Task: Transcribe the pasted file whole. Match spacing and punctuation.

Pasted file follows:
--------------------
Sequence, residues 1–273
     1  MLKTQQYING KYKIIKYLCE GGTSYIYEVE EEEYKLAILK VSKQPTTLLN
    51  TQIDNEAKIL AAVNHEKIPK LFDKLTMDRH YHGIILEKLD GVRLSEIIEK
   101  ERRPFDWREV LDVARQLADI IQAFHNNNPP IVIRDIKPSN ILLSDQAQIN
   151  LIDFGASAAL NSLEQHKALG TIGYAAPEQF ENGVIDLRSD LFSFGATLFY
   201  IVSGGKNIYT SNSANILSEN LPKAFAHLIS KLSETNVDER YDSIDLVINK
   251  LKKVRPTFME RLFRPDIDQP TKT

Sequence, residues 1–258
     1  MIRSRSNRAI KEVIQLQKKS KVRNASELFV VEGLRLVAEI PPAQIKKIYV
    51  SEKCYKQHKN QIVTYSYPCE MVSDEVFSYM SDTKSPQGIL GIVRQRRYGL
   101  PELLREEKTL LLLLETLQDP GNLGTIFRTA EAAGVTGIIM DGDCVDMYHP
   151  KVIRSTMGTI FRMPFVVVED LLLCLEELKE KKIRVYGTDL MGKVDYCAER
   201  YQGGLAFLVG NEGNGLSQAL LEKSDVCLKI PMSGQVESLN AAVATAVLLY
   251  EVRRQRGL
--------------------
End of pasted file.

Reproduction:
Sequence, residues 1–273
     1  MLKTQQYING KYKIIKYLCE GGTSYIYEVE EEEYKLAILK VSKQPTTLLN
    51  TQIDNEAKIL AAVNHEKIPK LFDKLTMDRH YHGIILEKLD GVRLSEIIEK
   101  ERRPFDWREV LDVARQLADI IQAFHNNNPP IVIRDIKPSN ILLSDQAQIN
   151  LIDFGASAAL NSLEQHKALG TIGYAAPEQF ENGVIDLRSD LFSFGATLFY
   201  IVSGGKNIYT SNSANILSEN LPKAFAHLIS KLSETNVDER YDSIDLVINK
   251  LKKVRPTFME RLFRPDIDQP TKT

Sequence, residues 1–258
     1  MIRSRSNRAI KEVIQLQKKS KVRNASELFV VEGLRLVAEI PPAQIKKIYV
    51  SEKCYKQHKN QIVTYSYPCE MVSDEVFSYM SDTKSPQGIL GIVRQRRYGL
   101  PELLREEKTL LLLLETLQDP GNLGTIFRTA EAAGVTGIIM DGDCVDMYHP
   151  KVIRSTMGTI FRMPFVVVED LLLCLEELKE KKIRVYGTDL MGKVDYCAER
   201  YQGGLAFLVG NEGNGLSQAL LEKSDVCLKI PMSGQVESLN AAVATAVLLY
   251  EVRRQRGL